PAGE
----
The Netherlands had the strongest stereotypes associating science with men more than women, according to a new Northwestern University study that included data from nearly 350,000 people in 66 nations. These stereotypes are prevalent across the world — even in nations such as Argentina and Bulgaria where women are roughly half of science majors in colleges and universities and employed researchers, according to the study, the largest ever of its kind.... Read more »

David I. Miller, Alice H. Eagly, & Marcia C. Linn. (2015) Women's Representation in Science Predicts National Gender-Science Stereotypes: Evidence From 66 Nations. Journal of Educational Psychology. info:/http://dx.doi.org/10.1037/edu0000005

  • May 18, 2015
  • 11:57 AM
  • 207 views

Free will inside the Nazi death camps

by BPS Research Digest in BPS Research Digest

The entrance to the Auschwitz concentration camp in Poland. The sign "Arbeit macht Frei" means "Work liberates".Free will is a controversial topic in psychology, thanks in part to studies suggesting that the brain activity associated with making decisions comes before the conscious feeling of making a choice. Other research claims that when people are exposed to arguments against free will, this makes them more prone to cheat. While intriguing, such insights are arguably somewhat removed from ev........ Read more »

  • May 18, 2015
  • 07:34 AM
  • 194 views

Does Everyone Want to Attend University?

by Jeremiah Stanghini in Jeremiah Stanghini

There was an op-ed in the New York Times the other week that detailed some of the economic inequality in the US. It used academic data to discuss how poorly Americans estimate the level of social mobility. It’s certainly worth reading, but … Continue reading →... Read more »

Kraus, M., & Tan, J. (2015) Americans overestimate social class mobility. Journal of Experimental Social Psychology, 101-111. DOI: 10.1016/j.jesp.2015.01.005  

  • May 18, 2015
  • 07:02 AM
  • 166 views

Does the Millennial know that tattoo might be a business  faux pas?

by Rita Handrich in The Jury Room

We’ve written a lot about tattoos here and this writeup is going to be a little different from most of our posts. Rather than spending time on the research findings, we want to cite some of the more unusual and surprising findings the author reviews as a prelude to her results. So, to be brief, […]

Related posts:
Do you see that juror’s tattoo?
The new bumper sticker? Tattoos in the courtroom
“Glasses can’t hide neck tattoos”


... Read more »

Foltz, KA. (2015) The Millennial’s perception of tattoos: Self expression or business faux pas? . College Student Journal. info:/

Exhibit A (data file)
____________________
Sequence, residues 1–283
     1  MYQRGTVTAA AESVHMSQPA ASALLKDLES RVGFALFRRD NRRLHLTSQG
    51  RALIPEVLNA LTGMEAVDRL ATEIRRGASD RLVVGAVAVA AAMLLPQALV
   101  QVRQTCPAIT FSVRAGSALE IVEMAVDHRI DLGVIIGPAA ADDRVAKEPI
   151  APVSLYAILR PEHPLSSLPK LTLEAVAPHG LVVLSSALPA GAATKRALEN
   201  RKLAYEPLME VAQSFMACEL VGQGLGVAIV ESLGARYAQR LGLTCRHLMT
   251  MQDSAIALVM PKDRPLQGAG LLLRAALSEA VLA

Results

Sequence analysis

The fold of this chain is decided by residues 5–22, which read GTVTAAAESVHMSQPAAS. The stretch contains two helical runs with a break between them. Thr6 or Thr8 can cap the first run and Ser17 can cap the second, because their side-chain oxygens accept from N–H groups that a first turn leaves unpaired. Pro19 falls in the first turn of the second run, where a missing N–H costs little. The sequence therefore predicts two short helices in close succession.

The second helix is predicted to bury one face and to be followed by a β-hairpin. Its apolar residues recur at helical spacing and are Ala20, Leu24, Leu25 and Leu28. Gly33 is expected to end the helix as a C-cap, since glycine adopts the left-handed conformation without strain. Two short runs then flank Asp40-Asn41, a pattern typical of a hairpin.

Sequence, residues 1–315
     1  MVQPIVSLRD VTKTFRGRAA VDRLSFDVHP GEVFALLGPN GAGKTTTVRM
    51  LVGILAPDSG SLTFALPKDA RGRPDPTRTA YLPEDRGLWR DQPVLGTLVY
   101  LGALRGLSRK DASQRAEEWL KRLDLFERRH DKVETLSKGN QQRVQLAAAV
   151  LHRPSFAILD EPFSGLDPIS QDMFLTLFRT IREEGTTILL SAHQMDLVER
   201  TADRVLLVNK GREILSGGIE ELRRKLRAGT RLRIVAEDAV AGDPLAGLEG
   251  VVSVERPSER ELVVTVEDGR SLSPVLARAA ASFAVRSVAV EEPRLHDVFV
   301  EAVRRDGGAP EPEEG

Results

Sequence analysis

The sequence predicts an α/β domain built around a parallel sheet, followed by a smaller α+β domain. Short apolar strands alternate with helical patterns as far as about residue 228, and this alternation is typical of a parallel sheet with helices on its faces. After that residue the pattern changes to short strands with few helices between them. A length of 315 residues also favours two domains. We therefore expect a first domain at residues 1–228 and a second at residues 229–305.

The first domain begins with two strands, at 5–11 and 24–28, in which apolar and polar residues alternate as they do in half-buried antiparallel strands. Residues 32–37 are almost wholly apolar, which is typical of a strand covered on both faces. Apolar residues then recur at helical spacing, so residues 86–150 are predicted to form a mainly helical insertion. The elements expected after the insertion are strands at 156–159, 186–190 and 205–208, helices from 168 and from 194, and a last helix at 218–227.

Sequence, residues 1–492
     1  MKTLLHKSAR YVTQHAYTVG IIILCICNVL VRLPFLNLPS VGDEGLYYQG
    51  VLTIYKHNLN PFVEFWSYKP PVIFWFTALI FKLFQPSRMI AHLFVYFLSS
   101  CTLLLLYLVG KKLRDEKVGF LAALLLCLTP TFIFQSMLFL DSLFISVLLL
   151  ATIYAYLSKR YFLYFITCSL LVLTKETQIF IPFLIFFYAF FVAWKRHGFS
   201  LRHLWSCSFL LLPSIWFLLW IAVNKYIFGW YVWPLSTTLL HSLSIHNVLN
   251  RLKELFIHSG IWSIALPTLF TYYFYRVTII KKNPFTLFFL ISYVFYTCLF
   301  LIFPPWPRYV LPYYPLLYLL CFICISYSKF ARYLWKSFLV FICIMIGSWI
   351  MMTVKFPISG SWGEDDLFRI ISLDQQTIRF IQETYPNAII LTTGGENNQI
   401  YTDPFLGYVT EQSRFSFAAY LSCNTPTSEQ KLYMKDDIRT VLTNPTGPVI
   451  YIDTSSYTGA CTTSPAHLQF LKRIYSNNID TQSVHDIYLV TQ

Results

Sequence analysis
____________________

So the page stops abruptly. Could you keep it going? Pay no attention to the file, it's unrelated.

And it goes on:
• May 18, 2015
  • 05:04 AM
  • 153 views

Pregnancy vitamin D levels and offspring ADHD

by Paul Whiteley in Questioning Answers

"Higher maternal circulating levels of 25(OH)D3 in pregnancy are associated with lower risk of developing ADHD [attention deficit hyperactivity disorder]-like symptoms in childhood."Eva Morales and colleagues [1] came to that conclusion in their study - prospective study - looking at how estimated pregnancy vitamin D levels might have impacted on teacher-assessed ADHD-like symptoms in offspring when aged between 4 and 5 years old. Based on participants involved in the INMA project look........ Read more »

Morales E, Julvez J, Torrent M, Ballester F, Rodríguez-Bernal CL, Andiarena A, Vegas O, Castilla AM, Rodriguez-Dehli C, Tardón A.... (2015) Vitamin D in Pregnancy and Attention Deficit Hyperactivity Disorder-like Symptoms in Childhood. Epidemiology (Cambridge, Mass.). PMID: 25867115  

  • May 17, 2015
  • 02:48 PM
  • 178 views

Which is most valuable: Gold, cocaine or rhino horn?

by Dr. Jekyll in Lunatic Laboratories

Many of the world’s largest herbivores — including several species of elephants, rhinoceroses, hippopotamuses and gorillas — are in danger of becoming extinct. And if current trends continue, the loss of these animals would have drastic implications not only for the species themselves, but also for other animals and the environments and ecosystems in which they live, according to a new report by an international team of scientists.... Read more »

Ripple, W., Newsome, T., Wolf, C., Dirzo, R., Everatt, K., Galetti, M., Hayward, M., Kerley, G., Levi, T., Lindsey, P.... (2015) Collapse of the world's largest herbivores. Science Advances, 1(4). DOI: 10.1126/sciadv.1400103  

  • May 16, 2015
  • 01:22 PM
  • 216 views

The relationship between CEO greed and company performance

by Dr. Jekyll in Lunatic Laboratories